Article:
Ribston, North Yorkshire

map ref SE 392 538

William de Grafton was named as the Preceptor of Ribston at the suppression, he also served as the Preceptor of Yorkshire a position thought to be unique to the county. After his trial by inquisition at York he was sent to Selby Abbey to undertake one year of Penance, years later something strange occurred, he was given secular release by the Master of the Temple, (This document apparently survives and sets a puzzle as it is dated 1331, long after the official suppression). Below is a translation from the original Latin of part of the document as described in "The History of Temple Newsam" by Weater 1889 Edition page 97 it reads:- "The Master of the Temple with the assent of his brethren absolves from his vow William de Grafton one of the brethren of the Order and granted that having laid aside the habit of the Temple he may be allowed to turn himself to the secular state which King Edward II and the present King have confirmed".

Though most of the of the Preceptory complex has long since disappeared, the original Templar chapel still exists and is incorporated into the end of the present Ribston Hall, this unfortunately is a private residence so access is restricted. Some of the surrounding Templar Churches still exist and the Church of St Andrew in Ribston village has a pair of Knightly effigies either side of the alter that are supposed Templars. Interestingly the Church of nearby Spofforth has two stones "hidden" in its outer walls, one high up above the North aisle roof the other near ground level at the East end, these stones are a totally different composition to the stone used on the rest of the Church, a glance at the accompanying picture of the East one saves a thousand words.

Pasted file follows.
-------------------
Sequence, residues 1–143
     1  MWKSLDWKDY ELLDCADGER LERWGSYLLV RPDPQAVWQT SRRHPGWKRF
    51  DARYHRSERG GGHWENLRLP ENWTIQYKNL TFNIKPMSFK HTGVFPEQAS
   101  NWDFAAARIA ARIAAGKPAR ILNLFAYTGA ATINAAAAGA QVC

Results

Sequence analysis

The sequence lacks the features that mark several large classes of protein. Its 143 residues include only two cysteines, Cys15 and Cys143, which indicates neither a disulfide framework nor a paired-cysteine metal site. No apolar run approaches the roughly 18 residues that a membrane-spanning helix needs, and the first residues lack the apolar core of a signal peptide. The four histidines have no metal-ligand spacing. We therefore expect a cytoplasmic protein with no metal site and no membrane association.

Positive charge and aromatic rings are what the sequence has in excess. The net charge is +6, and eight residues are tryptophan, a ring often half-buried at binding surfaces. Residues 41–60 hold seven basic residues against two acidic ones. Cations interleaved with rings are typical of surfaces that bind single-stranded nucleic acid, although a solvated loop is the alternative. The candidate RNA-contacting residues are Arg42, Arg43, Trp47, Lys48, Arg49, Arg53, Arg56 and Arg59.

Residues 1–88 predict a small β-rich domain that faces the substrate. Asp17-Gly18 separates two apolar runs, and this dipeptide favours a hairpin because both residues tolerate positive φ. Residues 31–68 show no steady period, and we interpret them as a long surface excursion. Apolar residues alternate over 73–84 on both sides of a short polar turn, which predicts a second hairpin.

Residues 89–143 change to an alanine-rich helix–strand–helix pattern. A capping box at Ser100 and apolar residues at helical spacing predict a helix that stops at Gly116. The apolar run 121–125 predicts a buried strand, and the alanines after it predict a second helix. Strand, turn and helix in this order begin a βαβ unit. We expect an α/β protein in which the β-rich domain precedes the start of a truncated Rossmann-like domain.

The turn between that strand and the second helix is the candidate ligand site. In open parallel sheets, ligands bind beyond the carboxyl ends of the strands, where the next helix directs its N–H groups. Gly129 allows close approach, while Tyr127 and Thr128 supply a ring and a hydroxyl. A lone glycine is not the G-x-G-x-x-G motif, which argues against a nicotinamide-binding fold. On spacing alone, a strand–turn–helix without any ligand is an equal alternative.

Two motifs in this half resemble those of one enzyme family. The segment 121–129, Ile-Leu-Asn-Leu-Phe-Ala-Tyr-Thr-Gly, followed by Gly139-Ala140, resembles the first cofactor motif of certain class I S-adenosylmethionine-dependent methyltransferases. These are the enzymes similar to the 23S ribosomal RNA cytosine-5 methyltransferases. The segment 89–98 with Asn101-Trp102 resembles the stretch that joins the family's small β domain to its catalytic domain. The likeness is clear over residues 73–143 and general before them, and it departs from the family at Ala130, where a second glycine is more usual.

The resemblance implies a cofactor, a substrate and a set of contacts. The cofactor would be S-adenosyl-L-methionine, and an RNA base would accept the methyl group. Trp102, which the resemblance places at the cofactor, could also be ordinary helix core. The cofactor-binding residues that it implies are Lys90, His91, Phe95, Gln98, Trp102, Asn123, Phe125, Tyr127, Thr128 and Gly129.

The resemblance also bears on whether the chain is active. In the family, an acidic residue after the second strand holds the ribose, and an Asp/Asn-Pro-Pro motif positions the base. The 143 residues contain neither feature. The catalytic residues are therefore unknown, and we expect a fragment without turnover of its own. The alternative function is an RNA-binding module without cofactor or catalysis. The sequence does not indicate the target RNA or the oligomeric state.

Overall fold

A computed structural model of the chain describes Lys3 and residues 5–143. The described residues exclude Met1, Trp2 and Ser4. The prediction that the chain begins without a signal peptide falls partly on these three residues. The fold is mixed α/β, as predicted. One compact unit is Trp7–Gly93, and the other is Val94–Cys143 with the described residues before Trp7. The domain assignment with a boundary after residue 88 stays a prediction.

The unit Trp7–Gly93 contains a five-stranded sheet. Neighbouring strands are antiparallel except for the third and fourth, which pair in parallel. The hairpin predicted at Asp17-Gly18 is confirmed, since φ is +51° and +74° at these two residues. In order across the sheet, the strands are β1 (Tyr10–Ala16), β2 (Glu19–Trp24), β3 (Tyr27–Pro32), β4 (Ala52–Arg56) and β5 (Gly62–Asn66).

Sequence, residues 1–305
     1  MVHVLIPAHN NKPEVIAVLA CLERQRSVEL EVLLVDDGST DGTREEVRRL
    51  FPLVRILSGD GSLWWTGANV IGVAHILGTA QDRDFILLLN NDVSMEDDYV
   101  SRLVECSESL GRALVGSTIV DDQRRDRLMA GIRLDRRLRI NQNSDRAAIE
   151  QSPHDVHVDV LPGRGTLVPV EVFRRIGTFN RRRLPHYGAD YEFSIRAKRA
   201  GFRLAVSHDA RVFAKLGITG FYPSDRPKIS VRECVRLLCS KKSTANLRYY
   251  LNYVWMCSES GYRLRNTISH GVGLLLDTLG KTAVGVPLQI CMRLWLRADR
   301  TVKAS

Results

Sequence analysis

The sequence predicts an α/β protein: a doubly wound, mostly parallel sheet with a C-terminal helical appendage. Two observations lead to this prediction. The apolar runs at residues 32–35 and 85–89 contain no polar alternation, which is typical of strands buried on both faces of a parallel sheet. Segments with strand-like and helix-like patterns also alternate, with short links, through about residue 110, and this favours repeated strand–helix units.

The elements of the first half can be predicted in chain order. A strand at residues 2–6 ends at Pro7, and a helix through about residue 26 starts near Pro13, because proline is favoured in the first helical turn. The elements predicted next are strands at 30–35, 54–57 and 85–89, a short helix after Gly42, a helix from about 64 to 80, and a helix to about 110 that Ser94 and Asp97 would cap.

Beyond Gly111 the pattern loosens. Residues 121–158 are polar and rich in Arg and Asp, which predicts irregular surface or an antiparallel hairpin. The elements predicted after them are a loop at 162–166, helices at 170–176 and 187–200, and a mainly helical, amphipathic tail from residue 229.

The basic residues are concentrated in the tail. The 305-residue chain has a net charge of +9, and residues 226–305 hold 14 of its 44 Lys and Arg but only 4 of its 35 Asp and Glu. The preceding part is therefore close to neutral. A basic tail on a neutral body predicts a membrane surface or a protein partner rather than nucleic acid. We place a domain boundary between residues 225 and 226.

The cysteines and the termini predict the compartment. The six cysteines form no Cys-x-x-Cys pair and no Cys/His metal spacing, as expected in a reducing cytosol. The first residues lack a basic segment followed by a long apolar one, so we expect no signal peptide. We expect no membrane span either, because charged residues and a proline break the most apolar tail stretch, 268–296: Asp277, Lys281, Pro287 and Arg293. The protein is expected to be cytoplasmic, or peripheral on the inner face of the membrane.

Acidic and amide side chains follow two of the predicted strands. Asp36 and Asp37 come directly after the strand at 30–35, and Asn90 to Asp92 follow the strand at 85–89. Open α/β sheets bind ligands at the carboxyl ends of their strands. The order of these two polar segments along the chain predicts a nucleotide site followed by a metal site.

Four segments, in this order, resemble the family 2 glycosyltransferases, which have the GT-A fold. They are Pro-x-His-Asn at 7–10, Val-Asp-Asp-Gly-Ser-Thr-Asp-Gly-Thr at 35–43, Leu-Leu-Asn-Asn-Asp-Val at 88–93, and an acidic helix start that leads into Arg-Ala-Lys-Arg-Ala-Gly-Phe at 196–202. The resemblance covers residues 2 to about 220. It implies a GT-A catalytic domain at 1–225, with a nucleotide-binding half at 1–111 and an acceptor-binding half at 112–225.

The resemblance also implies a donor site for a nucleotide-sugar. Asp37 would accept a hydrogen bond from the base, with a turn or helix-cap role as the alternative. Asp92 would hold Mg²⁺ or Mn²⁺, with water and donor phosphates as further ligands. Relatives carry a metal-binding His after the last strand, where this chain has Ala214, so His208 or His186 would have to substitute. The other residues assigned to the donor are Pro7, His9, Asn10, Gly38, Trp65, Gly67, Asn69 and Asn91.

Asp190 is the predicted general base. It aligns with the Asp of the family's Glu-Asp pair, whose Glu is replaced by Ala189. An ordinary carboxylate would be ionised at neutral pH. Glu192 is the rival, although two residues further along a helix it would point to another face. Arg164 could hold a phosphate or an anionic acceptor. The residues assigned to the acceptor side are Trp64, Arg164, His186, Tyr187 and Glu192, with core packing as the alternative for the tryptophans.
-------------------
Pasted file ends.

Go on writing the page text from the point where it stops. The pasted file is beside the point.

Carved Cross

Though little of the fabric of the Preceptory survives there is probably more documentation from this site than any in England, many Templar inventories still exist. Some of these have been translated and published last Century notably in "The Gentleman's Magazine" of 1857 page 519 and "The Yorkshire Archaeological and Topographical Journal of 1882 vol vii (part one) and vol viii (part two).

Copy and Pictures: Dennis Garner

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